Gulf drilling, economies remain sluggish



The House Natural Resources Committee held a hearing recently on President Barack Obama‘s drilling moratorium in the Gulf of Mexico one year after the ban was lifted. The results are not pretty if you’re concerned about rising energy prices and lost jobs.

Though drilling in the Gulf is allowed again, slow permitting and burdensome regulations are hindering operations. Activity has yet to rebound to pre-moratorium rates. A study by Quest Offshore Resources shows the number of active rigs is 37 percent less than before the Deepwater Horizon oil spill.

Before Obama imposed the deepwater drilling moratorium, there were 33 floating rigs with 29 drilling wells operating in the Gulf. The number of operating rigs was expected to reach 44 by mid-2012. Analysts now hope that activity will just climb back to pre-ban levels by mid-2012.

A robust oil sector is vital to Gulf economies and the country. Expediting drilling permits, which have tumbled by 59 percent, and facilitating the full return of oil operations will prevent the loss of thousands of jobs, boost economic growth and yield substantial government revenue.

During the moratorium, many companies shifted work to other offshore regions. Eleven rigs left the Gulf. Seven went to African countries; three to South America, and one to Vietnam. This translated to 60 wells lost and 11,500 jobs destroyed.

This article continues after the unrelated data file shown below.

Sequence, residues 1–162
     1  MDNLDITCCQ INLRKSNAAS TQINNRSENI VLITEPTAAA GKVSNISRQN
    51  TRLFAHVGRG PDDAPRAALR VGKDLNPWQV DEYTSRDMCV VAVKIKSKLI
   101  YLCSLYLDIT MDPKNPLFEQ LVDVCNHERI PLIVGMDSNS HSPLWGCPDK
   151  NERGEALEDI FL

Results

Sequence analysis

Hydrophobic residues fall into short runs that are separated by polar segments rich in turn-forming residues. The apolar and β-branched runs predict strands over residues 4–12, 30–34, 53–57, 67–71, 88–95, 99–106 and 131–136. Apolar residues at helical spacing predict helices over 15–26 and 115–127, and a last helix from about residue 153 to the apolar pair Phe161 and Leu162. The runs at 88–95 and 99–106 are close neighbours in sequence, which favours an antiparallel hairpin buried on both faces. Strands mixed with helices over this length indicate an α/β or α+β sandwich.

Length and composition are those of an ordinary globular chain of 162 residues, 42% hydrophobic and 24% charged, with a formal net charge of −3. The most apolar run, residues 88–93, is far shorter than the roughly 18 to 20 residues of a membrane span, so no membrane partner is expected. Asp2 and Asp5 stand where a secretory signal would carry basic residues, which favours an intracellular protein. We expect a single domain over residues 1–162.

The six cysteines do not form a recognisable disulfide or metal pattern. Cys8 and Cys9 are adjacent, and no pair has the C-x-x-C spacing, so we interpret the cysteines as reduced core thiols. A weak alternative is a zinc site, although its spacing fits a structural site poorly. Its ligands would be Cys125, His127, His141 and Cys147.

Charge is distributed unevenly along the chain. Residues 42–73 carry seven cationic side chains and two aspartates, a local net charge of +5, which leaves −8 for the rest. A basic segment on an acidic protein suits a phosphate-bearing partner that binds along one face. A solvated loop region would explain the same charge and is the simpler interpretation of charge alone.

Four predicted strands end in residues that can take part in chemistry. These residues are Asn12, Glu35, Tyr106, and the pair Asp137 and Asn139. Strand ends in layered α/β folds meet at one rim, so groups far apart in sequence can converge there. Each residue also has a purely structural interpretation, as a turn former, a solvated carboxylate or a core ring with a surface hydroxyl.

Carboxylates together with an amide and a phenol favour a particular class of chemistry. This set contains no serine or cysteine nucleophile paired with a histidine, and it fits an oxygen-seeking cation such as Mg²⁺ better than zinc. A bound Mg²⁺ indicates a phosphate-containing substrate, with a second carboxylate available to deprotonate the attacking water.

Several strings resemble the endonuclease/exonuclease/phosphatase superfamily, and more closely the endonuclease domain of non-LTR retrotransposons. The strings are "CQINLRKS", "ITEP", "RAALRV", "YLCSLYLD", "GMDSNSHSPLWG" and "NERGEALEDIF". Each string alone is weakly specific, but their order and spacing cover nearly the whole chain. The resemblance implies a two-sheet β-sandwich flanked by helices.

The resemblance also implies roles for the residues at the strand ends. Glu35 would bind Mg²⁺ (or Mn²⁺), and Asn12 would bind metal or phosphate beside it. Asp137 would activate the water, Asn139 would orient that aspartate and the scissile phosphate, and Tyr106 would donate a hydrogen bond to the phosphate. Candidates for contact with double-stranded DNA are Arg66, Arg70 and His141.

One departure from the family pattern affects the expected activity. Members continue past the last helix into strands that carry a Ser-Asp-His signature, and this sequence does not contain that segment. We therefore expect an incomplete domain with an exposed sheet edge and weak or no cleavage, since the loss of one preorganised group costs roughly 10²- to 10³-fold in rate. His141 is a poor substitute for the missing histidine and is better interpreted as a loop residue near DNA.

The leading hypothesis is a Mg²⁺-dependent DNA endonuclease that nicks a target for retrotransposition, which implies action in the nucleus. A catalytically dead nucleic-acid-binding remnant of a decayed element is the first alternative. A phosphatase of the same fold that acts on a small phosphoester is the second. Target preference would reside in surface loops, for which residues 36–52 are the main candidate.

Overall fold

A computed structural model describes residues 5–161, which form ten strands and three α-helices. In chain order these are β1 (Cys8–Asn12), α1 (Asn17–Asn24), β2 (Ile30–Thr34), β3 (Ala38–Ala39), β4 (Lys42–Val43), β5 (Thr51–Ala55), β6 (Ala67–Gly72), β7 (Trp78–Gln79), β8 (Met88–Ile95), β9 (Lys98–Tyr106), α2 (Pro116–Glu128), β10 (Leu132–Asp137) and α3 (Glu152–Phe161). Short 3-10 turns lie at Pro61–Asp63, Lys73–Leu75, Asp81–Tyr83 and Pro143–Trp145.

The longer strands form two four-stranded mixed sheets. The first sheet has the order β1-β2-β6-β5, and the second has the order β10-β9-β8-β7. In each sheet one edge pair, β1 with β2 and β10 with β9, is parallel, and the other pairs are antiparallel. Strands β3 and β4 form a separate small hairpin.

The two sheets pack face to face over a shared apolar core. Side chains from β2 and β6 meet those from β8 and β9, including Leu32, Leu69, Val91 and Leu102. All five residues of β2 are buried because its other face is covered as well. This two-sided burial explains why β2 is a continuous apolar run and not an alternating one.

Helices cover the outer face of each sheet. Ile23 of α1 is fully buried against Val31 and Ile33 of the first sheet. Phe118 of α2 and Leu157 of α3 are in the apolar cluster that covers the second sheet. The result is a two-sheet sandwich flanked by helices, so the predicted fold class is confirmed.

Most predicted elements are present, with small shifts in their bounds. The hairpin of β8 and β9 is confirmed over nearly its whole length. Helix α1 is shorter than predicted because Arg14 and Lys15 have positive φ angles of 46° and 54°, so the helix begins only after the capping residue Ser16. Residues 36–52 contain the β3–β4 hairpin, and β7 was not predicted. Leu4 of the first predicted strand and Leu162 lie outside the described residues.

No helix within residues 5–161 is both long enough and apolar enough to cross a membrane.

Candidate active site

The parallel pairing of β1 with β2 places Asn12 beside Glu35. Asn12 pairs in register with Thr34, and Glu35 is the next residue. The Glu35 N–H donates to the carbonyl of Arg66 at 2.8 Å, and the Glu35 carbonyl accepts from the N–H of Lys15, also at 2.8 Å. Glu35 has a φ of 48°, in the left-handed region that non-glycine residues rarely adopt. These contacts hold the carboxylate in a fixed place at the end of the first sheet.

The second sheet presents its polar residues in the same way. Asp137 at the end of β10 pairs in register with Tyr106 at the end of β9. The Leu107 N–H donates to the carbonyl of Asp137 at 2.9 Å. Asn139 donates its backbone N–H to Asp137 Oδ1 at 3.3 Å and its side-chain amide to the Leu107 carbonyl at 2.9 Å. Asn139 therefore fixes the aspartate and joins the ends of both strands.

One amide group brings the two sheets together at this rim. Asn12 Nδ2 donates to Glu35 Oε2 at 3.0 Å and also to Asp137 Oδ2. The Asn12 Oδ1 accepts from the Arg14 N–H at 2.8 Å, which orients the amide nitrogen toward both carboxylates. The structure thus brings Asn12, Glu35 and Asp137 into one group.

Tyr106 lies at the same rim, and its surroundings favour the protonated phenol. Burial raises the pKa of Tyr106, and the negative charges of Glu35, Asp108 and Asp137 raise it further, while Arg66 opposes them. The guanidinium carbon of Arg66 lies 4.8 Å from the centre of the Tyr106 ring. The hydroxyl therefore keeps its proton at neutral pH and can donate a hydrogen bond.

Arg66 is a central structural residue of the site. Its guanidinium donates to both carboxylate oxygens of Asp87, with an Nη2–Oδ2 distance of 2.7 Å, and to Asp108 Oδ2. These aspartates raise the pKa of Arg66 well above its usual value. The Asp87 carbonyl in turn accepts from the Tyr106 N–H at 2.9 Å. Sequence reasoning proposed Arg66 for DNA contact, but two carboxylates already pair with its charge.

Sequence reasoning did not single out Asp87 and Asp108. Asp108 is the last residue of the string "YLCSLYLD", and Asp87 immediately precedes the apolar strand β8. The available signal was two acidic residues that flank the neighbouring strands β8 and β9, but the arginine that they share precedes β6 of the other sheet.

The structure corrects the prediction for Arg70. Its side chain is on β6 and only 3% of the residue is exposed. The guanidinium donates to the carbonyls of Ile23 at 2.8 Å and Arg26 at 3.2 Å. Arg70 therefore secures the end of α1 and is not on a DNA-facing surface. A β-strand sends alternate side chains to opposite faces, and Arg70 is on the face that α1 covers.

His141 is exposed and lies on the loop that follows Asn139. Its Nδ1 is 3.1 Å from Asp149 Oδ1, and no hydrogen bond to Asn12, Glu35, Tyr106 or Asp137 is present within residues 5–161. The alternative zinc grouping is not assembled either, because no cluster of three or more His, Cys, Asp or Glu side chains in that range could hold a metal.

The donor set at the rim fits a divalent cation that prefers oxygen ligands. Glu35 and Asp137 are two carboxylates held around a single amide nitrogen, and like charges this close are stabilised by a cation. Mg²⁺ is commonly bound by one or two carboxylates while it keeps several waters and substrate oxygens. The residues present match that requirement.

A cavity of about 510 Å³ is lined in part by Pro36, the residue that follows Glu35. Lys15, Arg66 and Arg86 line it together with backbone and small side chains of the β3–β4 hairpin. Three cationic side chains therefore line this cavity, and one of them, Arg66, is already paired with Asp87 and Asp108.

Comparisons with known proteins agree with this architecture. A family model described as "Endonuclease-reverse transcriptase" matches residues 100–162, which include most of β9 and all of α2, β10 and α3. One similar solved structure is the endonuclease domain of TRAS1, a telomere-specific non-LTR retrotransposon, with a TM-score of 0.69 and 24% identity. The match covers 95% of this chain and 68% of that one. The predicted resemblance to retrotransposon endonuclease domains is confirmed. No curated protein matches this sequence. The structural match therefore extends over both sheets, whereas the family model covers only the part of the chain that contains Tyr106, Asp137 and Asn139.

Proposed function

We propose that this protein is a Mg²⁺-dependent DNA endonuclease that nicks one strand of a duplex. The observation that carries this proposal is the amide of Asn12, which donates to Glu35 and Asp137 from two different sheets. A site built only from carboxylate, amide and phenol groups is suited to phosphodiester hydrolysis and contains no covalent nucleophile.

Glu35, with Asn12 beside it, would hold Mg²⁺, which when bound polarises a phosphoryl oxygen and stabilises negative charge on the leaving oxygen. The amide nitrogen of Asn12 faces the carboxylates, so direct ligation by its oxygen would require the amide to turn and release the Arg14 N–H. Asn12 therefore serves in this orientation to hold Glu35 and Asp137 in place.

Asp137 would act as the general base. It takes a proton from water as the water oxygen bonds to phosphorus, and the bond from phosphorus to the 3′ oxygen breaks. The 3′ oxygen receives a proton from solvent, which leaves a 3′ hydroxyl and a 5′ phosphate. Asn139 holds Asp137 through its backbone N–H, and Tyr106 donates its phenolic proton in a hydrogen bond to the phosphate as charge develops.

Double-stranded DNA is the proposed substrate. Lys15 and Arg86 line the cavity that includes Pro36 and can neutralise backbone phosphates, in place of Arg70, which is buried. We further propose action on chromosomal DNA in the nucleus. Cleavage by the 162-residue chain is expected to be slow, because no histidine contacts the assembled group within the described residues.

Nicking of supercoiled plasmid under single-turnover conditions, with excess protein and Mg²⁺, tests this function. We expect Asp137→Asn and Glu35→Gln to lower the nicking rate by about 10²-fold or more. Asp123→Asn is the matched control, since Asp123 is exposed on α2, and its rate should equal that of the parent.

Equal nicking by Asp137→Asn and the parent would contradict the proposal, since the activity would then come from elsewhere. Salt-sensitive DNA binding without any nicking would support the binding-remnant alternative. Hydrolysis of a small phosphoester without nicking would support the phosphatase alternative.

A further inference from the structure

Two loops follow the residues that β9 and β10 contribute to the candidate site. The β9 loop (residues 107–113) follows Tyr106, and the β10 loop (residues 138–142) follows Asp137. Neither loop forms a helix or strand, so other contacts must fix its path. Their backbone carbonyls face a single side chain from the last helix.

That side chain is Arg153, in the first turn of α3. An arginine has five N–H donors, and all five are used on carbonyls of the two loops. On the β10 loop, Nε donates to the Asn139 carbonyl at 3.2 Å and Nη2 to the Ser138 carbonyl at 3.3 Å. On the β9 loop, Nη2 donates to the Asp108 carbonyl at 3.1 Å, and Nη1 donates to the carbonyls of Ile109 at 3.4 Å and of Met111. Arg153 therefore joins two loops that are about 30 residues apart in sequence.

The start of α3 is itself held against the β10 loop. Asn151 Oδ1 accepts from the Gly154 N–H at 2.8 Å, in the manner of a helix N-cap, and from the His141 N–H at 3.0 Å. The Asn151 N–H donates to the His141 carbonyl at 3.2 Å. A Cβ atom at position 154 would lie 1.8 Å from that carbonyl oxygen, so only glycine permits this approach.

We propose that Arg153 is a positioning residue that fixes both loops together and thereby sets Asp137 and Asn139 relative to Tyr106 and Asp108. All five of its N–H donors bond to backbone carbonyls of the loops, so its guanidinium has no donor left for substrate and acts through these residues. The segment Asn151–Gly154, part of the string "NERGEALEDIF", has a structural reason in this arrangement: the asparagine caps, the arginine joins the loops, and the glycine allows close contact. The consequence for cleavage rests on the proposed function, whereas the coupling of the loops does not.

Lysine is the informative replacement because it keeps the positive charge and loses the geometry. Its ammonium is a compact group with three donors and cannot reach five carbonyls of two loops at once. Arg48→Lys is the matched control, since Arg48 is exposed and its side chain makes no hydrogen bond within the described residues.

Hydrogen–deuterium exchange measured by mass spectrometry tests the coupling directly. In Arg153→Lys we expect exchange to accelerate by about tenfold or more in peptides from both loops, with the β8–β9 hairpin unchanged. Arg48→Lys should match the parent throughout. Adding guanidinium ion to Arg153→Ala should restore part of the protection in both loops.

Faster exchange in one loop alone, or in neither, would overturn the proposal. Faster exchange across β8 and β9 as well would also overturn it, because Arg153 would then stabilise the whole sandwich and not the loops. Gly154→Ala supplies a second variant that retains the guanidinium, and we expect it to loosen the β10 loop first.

And the rigs that remained in the Gulf are not operating at capacity. The use rate of offshore drilling units in Gulf waters is 54 percent. Worldwide use rates average 80 percent. In Europe, rates regularly approach 90 percent.

Gulf economies are clearly underperforming, and there is no urgency from the Obama administration to change this alarming course. Interior Secretary Ken Salazar postponed auctions of leases scheduled for the remainder of 2011 until next year, potentially making 2011 the first year since 1965 that the federal government didn’t sell a lease in the Gulf.

The drop in Gulf drilling also impacts federal revenues. The economic forecasting company IHS Global Insight estimates that royalties, lease bids and rent payments amounted to more than $6 billion in 2009. Federal, state and local taxes related to Gulf offshore oil and natural gas operations totaled $13 billion. If drilling continues to stagnate, so will these revenues.

The ripple effect from a hurting oil industry extends to other sectors of the economy and beyond the Gulf area. Bruce Craul with Legendary Hospitality explained at the oversight hearing how the moratorium and sluggish recovery have damaged his industry. Many visitors to Florida are traveling on energy-related business. Without a thriving oil industry, they don’t come.

Inland states are bleeding jobs too. In Oklahoma, the Consumer Energy Alliance estimates slow government permitting is costing about 20,000 jobs in various industries.

The crisis is now. If the Gulf region’s enormous potential is to be realized, government obstacles to recovery must be eliminated.

McQuillan is director of business and economic studies at the Pacific Research Institute (


Posted on November 30, 2011, in Drilling, Energy, Gulf of Mexico, Oil & Gas - offshore and tagged , , , , , , , , . Bookmark the permalink. 1 Comment.

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